Georgia Legislature approves hate crime bill
Georgia’s state Capitol. Credit: Kelly Jordan
By Maggie Lee
The Georgia state House and Senate have agreed to a law that would impose higher penalties for some crimes motivated by hatred of a victim’s race, gender or any of a list of other characteristics.
“Today we have said we will not be defined by a senseless act of evil and by the murder of Ahmaud Arbery, but that our Georgia is better than this,” said Georgia House Speaker David Ralston, R-Blue Ridge, just as his chamber voted 127-38 to pass House Bill 426 Tuesday.
Republican sponsorship of the bill and some Republicans crossing party lines to vote with Democrats are what got the bill passed, both Tuesday, as well as last year when a smaller amount of aisle-crossing resulted in passage of an earlier bill version. The bill sat without a hearing in the Senate until this year.
That is, until the anger and exhaustion provoked by the shooting of black jogger Arbery and other Black Americans put pressure on lawmakers.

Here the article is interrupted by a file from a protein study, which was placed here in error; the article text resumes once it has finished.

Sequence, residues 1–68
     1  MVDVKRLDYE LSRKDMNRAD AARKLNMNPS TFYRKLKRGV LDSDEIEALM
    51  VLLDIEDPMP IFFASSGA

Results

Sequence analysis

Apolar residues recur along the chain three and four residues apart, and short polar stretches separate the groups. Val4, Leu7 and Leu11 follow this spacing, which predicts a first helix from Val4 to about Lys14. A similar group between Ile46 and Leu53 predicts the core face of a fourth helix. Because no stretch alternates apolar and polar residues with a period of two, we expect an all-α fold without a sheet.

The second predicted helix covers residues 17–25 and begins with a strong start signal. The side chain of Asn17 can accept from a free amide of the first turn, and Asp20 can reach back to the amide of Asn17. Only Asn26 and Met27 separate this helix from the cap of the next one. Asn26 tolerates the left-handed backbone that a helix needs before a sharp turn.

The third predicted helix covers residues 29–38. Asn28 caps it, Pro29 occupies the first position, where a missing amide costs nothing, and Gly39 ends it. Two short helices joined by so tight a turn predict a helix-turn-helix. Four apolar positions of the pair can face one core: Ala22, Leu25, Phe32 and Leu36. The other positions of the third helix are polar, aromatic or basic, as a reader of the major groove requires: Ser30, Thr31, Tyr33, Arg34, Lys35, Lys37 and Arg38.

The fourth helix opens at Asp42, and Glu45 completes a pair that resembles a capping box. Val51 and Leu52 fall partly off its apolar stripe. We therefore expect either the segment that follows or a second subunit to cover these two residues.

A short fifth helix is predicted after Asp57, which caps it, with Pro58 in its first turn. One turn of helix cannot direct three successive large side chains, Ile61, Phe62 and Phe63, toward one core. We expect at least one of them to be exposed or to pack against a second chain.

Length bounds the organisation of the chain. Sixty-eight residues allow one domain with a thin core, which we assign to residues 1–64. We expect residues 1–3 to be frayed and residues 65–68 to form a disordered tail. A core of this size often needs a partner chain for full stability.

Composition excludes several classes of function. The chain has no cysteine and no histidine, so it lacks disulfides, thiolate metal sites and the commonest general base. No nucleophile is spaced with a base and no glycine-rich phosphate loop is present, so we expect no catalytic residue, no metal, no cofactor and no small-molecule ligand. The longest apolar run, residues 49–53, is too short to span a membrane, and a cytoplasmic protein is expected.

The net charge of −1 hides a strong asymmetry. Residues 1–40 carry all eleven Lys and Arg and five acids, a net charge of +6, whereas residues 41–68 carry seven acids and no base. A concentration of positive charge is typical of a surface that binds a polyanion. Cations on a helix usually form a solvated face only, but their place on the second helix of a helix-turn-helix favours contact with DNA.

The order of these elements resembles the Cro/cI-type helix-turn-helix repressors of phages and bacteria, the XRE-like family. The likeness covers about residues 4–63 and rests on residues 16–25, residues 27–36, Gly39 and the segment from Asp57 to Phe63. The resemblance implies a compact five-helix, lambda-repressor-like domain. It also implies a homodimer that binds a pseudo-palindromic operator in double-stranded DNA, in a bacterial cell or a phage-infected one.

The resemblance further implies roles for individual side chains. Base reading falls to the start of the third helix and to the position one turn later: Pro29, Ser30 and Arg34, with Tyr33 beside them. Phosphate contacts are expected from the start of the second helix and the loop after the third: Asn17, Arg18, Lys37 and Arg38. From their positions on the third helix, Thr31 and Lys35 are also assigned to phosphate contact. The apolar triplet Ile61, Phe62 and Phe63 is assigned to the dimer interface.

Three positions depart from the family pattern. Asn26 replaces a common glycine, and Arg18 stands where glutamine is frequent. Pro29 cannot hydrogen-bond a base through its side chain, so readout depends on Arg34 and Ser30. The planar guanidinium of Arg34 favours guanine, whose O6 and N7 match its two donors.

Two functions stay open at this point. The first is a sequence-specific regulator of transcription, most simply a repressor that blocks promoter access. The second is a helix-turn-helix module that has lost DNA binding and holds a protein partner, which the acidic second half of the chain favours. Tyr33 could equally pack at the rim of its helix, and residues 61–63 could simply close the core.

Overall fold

“We’ve worked on this for years,” said state Sen. Horacena Tate, D-Atlanta, just before the Senate’s 47-6 vote. “I’m glad we’ve finally gotten together.”
Georgia used to have a hate crimes law, but it was struck down by the state Supreme Court in 2004 for for being vague. During most legislative terms since then, one or more Democrats have filed unsuccessful hate crimes legislation. This successful bill was carried by Gwinnett Republican state Rep. Chuck Efstration.
Under the proposed new law, a hate crime charge could add more than two years to felonies. The bill covers five misdemeanors as well: simple assault, simple battery, battery, criminal trespass and theft by taking. The additional misdemeanor penalties could include up to a year’s imprisonment.
It applies to crimes motivated by hate of a victim’s actual or perceived “race, color, religion, national origin, sex, sexual orientation, gender, mental disability, or physical disability.”
The House and Senate seemed to be at an impasse as late as Monday, as a state Senate committee had insisted on making police a class protected by hate crimes law. But the full Senate approved a version that doesn’t speak to police.
The bill now heads to Gov. Brian Kemp’s desk. Soon after the House vote, Kemp’s communications director tweeted that Kemp “commends the General Assembly’s bipartisan work and will sign House Bill 426 pending legal review.”
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